43:44 Caplan agrees it’s about economics and how best to spend the money

    44:34 Diane Rehm asks: How many deaths are acceptable vs. cost of mammography? Caplan answers (or fudges): It’s already been funded, it’s unethical to take the benefit away

    45:25 (Angry (elderly?)) Woman Caller in Ft. Worth Texas: This is an assault on women. If this study had been on prostate cancer, there would be an uproar! (Even Diane Rehm points out, there IS an uproar, (apparently caller means if it were men, the uproar would be taken seriously.)

    46:00 Caplan: There has been a similar study on but prostate cancer is still covered (even though near as I can tell the panel is not about not covering mammography, it’s about when mammography is indicated). Caplan continues: There has been sexism in medicine, women’s lives are valued less, there is some bias, but this is an ethics question, we can’t take benefit away, it’s unethical.

    So Caplan does seem to:
    a) support recommendation
    b) understand the problems of overdiagnosis/overtreatment
    c) agree that there’s lots of misogyny in medicine
    d) deny this is about money, agree it’s about economics
    e) go back over and over to how unethical it is to remove treatments from patients.

  37. #37 Karl Withakay
    November 19, 2009

    @andrew 27

    “The demand for a free good is infinite”

    I have to disagree with you there; there has to be some perceived utility of the good for their to be demand for the good.

    I’ll give a few examples that contradict that assertion.

    – I have a friend in a local band, and have attended many of his shows. I frequently see local bands attempting to literally give their CD’s away for free, and not be successful.

    – I have seen items sit unclaimed on the curb with the word “FREE” written on them. Infinite demand would imply everybody on the planet would try to acquire it.

    – Access to most web sites is free, including my blog, but demand to view those sites and consume their content is not infinite, as my blog stats indicate.

    There is also the point of zero marginal utility. At this point, you don’t need or want any more of a good or service, regardless of how low the price on it is.

    Very little in this universe is literally infinite.

  38. #38 storkdok
    November 19, 2009

    @Pablo “When you have 125 first cousins ranging in age from 30 to 65, it is not unusual to expect that there are going to be some issues.”

    I’ll bite. How many siblings do your parents have? I’ve got 15 first cousins.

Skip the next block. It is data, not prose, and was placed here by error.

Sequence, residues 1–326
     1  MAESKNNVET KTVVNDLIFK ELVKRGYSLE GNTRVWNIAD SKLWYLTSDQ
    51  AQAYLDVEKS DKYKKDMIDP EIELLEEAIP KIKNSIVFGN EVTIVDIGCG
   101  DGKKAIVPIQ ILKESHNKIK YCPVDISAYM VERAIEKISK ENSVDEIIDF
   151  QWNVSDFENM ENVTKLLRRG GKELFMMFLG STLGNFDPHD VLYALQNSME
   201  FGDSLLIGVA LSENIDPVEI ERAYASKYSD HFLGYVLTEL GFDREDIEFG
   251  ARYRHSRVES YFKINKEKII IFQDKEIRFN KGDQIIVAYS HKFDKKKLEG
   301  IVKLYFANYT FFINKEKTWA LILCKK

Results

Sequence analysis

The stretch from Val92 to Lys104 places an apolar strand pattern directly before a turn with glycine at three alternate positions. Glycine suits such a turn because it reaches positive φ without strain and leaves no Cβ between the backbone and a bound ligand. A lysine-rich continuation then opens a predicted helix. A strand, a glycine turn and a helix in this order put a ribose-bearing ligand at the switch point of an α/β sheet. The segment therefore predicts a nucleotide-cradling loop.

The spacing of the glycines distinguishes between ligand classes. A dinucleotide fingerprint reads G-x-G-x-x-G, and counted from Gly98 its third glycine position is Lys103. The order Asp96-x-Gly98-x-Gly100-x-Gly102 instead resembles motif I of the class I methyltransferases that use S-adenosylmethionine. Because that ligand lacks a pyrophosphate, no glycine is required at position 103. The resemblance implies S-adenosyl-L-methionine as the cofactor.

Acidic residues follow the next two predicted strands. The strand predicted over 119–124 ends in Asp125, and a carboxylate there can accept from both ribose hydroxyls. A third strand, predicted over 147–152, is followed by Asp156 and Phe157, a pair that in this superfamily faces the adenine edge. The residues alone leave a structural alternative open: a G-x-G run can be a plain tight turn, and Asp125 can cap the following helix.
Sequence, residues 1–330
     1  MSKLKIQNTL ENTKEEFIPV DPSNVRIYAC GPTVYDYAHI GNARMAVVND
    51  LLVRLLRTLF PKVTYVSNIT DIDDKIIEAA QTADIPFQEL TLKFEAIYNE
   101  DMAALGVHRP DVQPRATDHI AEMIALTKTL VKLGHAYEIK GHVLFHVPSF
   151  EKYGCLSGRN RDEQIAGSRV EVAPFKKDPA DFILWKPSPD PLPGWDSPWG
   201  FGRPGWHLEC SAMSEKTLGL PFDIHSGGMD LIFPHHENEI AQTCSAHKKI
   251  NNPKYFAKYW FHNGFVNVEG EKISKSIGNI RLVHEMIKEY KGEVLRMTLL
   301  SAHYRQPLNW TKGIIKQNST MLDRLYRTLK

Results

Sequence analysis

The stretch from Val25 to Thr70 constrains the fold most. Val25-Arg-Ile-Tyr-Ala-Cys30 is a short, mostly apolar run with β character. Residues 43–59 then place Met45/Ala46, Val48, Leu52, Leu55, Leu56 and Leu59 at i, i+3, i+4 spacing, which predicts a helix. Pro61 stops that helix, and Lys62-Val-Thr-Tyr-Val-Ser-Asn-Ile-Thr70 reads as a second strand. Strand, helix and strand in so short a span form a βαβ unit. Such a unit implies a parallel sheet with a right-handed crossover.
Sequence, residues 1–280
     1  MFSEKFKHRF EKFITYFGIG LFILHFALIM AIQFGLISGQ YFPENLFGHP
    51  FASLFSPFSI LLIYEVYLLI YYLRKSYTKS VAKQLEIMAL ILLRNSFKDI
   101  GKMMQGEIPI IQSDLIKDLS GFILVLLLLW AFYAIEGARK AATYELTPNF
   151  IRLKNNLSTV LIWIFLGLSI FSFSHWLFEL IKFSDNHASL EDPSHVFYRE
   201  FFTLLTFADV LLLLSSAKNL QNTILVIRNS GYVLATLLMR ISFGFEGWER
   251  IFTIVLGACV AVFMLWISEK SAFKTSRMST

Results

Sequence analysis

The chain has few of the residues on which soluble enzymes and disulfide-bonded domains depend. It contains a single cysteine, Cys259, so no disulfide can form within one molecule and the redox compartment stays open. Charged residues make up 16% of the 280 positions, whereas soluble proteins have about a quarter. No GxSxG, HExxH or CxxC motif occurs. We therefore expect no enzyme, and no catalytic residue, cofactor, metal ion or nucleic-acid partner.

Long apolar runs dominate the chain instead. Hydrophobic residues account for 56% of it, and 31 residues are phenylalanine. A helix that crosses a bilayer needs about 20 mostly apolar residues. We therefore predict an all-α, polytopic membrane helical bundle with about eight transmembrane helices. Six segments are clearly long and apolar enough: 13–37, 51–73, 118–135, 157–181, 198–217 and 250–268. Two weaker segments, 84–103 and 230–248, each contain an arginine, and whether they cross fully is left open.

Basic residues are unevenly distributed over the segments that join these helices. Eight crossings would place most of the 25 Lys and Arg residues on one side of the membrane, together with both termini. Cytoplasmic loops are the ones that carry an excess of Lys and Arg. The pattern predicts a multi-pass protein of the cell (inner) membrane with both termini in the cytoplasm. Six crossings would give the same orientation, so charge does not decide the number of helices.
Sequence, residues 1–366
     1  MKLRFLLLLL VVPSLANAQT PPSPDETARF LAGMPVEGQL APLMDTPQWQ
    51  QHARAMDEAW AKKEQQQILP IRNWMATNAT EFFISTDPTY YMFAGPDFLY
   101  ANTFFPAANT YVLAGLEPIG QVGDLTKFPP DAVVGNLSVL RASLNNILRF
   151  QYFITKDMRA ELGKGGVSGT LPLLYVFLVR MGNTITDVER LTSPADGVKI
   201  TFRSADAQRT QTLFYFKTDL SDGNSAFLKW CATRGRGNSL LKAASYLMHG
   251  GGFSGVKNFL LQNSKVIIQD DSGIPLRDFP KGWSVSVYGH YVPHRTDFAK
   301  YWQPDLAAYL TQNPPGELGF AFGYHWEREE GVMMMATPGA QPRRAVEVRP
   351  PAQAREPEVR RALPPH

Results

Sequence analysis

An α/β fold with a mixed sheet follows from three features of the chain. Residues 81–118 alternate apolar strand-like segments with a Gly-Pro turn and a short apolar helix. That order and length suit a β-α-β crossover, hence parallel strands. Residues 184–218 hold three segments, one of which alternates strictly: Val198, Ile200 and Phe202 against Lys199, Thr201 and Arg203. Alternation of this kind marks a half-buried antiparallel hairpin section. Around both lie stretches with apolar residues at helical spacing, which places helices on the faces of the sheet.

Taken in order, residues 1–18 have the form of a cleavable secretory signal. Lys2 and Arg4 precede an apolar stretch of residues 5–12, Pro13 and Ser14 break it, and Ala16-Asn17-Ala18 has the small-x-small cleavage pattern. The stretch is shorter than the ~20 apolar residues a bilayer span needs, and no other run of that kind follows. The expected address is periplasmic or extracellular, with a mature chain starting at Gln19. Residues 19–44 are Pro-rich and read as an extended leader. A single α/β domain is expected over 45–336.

39. #39 Joseph C.
    November 19, 2009

    Very little in this universe is literally infinite.

    Except the stupid.

  40. #40 LW
    November 19, 2009

    Even the stupid isn’t infinite. Look how repetitious and boring Orac’s trolls have gotten. If the stupid were infinite, they’d at least be stupid in new ways each time.

  41. #41 Joseph C.
    November 19, 2009

    Even the stupid isn’t infinite. Look how repetitious and boring Orac’s trolls have gotten. If the stupid were infinite, they’d at least be stupid in new ways each time.

    But they won’t STFU. And that is a form of infinity.

  42. #42 Denice Walter
    November 19, 2009

    I submit that the stupid *is* infinite: exhibit A. Mike Adams;NaturalNews,11-19-09-“Cancer industry desperately needs mammograms to recruit patients and generate repeat business”. exhibit B.Sarah Palin’s new book. I rest my case.

  43. #43 Joseph C.
    November 19, 2009

    A. Mike Adams;NaturalNews,11-19-09-“Cancer industry desperately needs mammograms to recruit patients and generate repeat business”.

    Damn you! I had been staying away from that site for several months, but you made me go back.

    Yep, Mike Adams is as dumb as ever.

  44. #44 DLC
    November 19, 2009

    I wonder, if it were some other cancer if changing the screening recommendation would be as touchy a subject.
    Well, it isn’t, and trying to make comparisons isn’t really helpful.

  45. #45 katydid13
    November 19, 2009

    As a professional policy wonk who writes the Congressional testimony others read at hearings, I have to say that your comments on the role of Congressional hearings on such a subject was spot on. Really there is very little that is scarier than when Congress decides to talk science.

  46. #46 Pablo
    November 19, 2009

    storkdok:

    I’ll bite. How many siblings do your parents have? I’ve got 15 first cousins.

    Dad was 1 of 13, mom was 1 of 12, I think, although one of my dad’s brothers is single and childless (and 85), and one of mom’s brothers drowned when he was 12.